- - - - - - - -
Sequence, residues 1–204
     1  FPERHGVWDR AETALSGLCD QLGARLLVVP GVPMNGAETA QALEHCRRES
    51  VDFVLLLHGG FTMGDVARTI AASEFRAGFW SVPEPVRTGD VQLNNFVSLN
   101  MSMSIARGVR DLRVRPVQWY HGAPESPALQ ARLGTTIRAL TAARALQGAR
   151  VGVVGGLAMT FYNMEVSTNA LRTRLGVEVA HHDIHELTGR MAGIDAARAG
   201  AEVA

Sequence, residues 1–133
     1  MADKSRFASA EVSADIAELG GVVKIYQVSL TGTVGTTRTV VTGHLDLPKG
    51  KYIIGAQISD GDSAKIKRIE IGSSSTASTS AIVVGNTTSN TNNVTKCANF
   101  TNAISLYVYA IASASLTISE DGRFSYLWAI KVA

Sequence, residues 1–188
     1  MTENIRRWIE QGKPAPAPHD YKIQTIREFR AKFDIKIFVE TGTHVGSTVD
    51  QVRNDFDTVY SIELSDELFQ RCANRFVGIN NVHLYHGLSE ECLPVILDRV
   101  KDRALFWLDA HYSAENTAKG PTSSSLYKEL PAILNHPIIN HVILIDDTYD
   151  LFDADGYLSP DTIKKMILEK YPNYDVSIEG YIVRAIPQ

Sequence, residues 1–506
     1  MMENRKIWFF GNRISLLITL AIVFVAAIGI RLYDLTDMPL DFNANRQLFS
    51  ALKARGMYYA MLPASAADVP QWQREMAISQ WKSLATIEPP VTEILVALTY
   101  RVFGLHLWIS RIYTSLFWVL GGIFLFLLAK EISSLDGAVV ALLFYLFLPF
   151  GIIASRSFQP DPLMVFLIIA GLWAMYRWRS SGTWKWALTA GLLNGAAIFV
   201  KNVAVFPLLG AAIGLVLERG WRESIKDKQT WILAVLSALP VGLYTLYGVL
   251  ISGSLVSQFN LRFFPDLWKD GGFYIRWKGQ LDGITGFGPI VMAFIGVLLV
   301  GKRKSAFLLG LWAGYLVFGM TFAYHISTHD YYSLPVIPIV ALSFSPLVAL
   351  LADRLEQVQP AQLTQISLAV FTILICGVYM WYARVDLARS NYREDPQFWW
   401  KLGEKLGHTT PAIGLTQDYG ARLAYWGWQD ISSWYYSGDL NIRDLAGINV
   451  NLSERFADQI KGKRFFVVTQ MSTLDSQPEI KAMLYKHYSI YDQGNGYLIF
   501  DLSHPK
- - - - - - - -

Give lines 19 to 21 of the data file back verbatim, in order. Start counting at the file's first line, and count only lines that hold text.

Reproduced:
   101  RVFGLHLWIS RIYTSLFWVL GGIFLFLLAK EISSLDGAVV ALLFYLFLPF
   151  GIIASRSFQP DPLMVFLIIA GLWAMYRWRS SGTWKWALTA GLLNGAAIFV
   201  KNVAVFPLLG AAIGLVLERG WRESIKDKQT WILAVLSALP VGLYTLYGVL